At the very least, taking some of these debates off social media into the more expansive and concentrated realm of a documentary film points to the importance of deep dialogue in order to move forward. This is especially important at this time when anti-trans policies are being written into law (you have only to look at the numerous Bills passed only this year in the United States, curbing the rights of transgender people) 02. Five U.S. states, for example, have now signed into law bills that prohibit transgender athletes from participating in school and university sport teams consistent with their identities. For further information see ‘Montana Governor Signs Bill Banning Transgender Students from Sports Teams’, accessed 26 July 2021: www.theguardian.com/us-news/2021/may/07/montana-transgender-student-athletes-ban-bill . Right now, the power of coming together with force as one voice is more important than ever—it is literally a matter of life and death, if you consider the increasingly hostile environment for transgender people in many countries today. As Quinn Eades reflects in the film, it is painful to feel there are still those in the feminist community excluding transgender women, given their own history of struggle. The women’s movement should be about solidarity and holding each other up. Or, as Courtney Sina Meredith succinctly puts it, “feminism can be a connecting platform”.
Dr Jackie Huggins, co-chair of the National Congress of Australia’s First Peoples. Film still from Revolt She Said, 2021 by Louise Lever. Image courtesy of Louise Lever.
Sarah Yeoman, Melbourne. Film still from Revolt She Said, 2021 by Louise Lever. Image courtesy of Louise Lever.
Listening to these honest and moving discussions I found myself reflecting on their relevance to the contemporary art world. The interviewees (most of them from the left-leaning rarefied worlds of arts, academia and politics) stay largely silent on the structural conditions of the art world. Of course, the film wasn’t necessarily made for a contemporary art audience, but these questions nonetheless came to mind. Does Lever’s connection to the arts give her a unique perspective on some of these issues? And how forward-thinking even is the supposedly progressive art world in terms of gender equality? The landmark exhibition, WACK! Art and the Feminist Revolution, which started at the Geffen Contemporary at MOCA, LA in 2007, was one of a number of exhibitions that have sought to put the work of women artists at the front and centre of museum programmes. Fourteen years on, however, the art world doesn’t always feel like the most enlightened arena for discussions on contemporary feminism.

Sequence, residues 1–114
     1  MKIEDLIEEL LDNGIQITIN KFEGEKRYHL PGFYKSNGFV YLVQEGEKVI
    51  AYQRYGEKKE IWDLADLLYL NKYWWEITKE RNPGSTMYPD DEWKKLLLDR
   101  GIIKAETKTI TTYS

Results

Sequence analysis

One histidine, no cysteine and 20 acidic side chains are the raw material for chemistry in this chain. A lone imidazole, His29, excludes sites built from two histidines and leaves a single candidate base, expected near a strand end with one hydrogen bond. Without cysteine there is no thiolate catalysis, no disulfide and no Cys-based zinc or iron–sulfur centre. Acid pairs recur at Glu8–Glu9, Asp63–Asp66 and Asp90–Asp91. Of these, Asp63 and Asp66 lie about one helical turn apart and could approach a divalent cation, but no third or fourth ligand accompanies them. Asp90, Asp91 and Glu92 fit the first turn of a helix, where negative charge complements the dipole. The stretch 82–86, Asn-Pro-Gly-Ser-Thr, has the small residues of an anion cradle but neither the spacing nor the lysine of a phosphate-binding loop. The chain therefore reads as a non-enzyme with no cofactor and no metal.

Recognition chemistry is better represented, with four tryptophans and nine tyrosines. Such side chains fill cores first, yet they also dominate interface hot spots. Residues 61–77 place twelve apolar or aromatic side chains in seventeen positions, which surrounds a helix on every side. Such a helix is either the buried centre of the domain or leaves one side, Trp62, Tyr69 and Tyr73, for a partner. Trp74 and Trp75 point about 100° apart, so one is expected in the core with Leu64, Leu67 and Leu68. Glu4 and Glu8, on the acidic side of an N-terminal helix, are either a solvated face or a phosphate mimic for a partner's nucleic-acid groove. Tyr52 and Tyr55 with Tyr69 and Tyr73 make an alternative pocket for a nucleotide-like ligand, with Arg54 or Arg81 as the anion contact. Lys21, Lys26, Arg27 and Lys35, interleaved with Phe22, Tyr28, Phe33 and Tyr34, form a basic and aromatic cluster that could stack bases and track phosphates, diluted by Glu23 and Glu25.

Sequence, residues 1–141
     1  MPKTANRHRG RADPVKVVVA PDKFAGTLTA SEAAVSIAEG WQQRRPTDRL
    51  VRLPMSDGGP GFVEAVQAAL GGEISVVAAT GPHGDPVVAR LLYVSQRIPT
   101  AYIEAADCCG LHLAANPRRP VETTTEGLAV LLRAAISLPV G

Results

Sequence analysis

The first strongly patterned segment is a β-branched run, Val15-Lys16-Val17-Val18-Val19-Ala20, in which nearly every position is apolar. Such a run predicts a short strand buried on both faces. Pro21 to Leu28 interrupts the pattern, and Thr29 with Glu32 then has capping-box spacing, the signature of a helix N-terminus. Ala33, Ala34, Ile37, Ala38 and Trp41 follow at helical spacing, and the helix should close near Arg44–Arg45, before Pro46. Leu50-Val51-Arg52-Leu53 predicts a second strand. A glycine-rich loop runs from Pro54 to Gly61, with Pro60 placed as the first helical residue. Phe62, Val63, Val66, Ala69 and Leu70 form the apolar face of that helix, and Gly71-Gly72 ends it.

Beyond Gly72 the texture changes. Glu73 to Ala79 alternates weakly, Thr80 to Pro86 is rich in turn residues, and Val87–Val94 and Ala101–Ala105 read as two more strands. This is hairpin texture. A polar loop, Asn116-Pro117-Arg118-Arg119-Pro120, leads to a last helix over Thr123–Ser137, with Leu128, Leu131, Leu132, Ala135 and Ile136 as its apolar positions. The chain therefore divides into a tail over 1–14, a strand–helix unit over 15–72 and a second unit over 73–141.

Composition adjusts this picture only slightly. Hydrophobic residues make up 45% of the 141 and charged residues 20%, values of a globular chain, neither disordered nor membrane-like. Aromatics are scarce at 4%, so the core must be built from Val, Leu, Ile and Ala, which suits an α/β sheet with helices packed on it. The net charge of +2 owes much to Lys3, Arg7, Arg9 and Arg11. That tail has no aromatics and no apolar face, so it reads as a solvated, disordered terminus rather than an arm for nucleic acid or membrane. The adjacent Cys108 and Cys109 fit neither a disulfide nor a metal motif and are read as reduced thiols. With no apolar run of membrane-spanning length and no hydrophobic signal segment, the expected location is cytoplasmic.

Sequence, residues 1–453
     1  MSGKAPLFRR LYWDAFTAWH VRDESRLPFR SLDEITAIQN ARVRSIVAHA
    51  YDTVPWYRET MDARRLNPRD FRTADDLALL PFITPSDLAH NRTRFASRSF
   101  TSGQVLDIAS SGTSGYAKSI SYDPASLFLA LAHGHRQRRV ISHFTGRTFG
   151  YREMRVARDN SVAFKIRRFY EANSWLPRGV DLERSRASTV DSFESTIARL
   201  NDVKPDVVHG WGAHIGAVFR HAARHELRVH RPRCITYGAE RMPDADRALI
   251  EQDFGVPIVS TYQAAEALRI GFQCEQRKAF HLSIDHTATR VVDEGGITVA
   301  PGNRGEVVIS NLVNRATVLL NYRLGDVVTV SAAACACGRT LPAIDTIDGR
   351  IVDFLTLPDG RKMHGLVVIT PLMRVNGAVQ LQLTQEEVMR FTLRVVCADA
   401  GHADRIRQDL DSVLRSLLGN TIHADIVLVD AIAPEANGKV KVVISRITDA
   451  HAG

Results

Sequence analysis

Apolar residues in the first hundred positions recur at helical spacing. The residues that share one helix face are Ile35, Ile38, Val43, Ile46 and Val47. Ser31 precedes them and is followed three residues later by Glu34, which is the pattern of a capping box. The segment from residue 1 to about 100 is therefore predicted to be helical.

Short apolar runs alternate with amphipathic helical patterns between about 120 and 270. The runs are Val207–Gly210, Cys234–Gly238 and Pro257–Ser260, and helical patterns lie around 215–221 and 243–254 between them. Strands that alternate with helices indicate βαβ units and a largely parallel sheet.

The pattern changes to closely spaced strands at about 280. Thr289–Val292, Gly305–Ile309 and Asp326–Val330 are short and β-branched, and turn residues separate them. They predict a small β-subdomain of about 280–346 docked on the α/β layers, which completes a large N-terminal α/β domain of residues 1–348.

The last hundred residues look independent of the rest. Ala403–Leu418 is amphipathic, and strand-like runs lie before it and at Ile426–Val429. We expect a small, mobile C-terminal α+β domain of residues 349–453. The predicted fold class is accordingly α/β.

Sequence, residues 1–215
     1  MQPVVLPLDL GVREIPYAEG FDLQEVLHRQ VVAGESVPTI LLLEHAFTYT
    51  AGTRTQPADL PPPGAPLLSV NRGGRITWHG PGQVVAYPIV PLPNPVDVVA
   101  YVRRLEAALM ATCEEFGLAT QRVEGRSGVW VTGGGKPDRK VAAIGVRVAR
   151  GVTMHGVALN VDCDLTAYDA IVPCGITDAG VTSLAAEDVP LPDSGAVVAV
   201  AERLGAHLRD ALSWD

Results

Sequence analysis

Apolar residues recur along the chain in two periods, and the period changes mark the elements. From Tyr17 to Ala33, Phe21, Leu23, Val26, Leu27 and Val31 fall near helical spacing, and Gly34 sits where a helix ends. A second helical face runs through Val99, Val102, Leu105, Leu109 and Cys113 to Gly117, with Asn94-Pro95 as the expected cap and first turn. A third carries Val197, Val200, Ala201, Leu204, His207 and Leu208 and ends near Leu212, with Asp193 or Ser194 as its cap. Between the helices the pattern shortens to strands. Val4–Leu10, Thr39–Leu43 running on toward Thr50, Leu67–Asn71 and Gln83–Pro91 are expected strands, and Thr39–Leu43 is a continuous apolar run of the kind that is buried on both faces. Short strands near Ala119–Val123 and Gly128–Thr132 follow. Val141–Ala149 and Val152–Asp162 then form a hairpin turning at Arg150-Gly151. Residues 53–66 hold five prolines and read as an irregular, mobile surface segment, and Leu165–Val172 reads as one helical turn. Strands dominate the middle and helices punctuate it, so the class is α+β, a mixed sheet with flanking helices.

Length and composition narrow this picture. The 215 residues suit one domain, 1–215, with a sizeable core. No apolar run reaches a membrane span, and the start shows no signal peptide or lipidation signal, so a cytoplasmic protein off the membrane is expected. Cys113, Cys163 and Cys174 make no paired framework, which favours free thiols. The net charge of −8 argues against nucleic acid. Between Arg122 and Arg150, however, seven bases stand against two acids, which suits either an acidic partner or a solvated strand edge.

In fact, recent surveys show that works by male artists sell for far higher prices and make up the majority of museum collections. Women study art subjects more than men in higher education programmes, and they make up the bulk of staff in arts organisations, but they earn less and are underrepresented in senior and leadership positions. 03. For further information and statistics see National Museum for Women in the Arts, accessed 15 July 2021: nmwa.org/support/advocacy/get-facts/ In a great essay for Hyperallergic, curator Michelle Millar Fisher points to a fear of speaking up as being one of the problems that persist within arts institutions. 04. Michelle Millar Fisher, “Parenting and Labour in the Art World: A Call To Arms”, Hyperallergic (6 May 6 2019), hyperallergic.com/497512/parenting-and-labor-in-the-art-world-a-call-to-arms/, accessed 15 July 2021. After all, these are labour issues and while the art world may seem to be an enlightened and progressive place, employees are bound by the same kind of discomfort and fear of losing jobs as any other worker. The art world is also renowned for its precarity, which doesn’t help the situation. This is a particularly raw condition for artists but also technicians, educators, invigilators and other freelance or contract workers.
The ‘mother load’ is surely another reason these problems persist. If artists or art workers are parents (or carers of any kind—and statistics show that most carers are women identifying) the setbacks become even more pronounced. Small wonder that writer Hettie Judah’s recent online publication, How Not to Exclude Artist Parents: Some Guidelines for Institutions and Residences resonated with so many this summer. 05. Hettie Judah, “How Not to Exclude Artist Parents: Some Guidelines for Institutions and Residences”, www.artist-parents.com/, accessed 22 July 2021. A list of practical guidelines for arts institutions on how to place family-friendly flexibility at the centre of an artist-centred ethos, it draws on months of research by Judah and a 30-strong team of artist-mother advisors. As curator Chus Martínez also points out in an insightful article in e-flux, “everyone seems to manage”, but the managing is often done in silence. 06. Chus Martínez, “But Still, Like Air, I’ll Rise”, e-flux Journal #92, www.e-flux.com/journal/92/204117/but-still-like-air-i-ll-rise/, accessed 15 July 2021. She describes how we may be enraged that we are earning less. We may be struggling to make ends meet because of high childcare costs. We may be depressed at giving up career opportunities because we simply can’t make the family-unfriendly timings work (those 6:00 PM art events! Those residencies that don’t accommodate families!). But we rarely discuss it, even amongst ourselves and certainly not at an institutional level.
To provide a platform for these conversations, then, as Lever does for the current state of feminism, is perhaps a kind of revolt. And the need for revolt—for change—has only grown more urgent since the film was made. The unforeseen, world-changing event of COVID-19 has shone a light on many of today’s inequities, but also set us back in terms of progress. It has disproportionately impacted female-dominated roles in health and care professions, for example, with women having to take on the burden of working from home while also homeschooling during periods of lockdown. 07. COVID-19 and gender equality: countering the regressive effects, July 15 2020 reporty by McKinsey Global Institute, accessed 26 July 2021 at www.mckinsey.com/featured-insights/future-of-work/covid-19-and-gender-equality-countering-the-regressive-effects# Social media has taken some of these discussions into the open with force and violence, but Lever also makes a case for putting your phone down once in a while and getting out there—to talk, to protest, to revolt.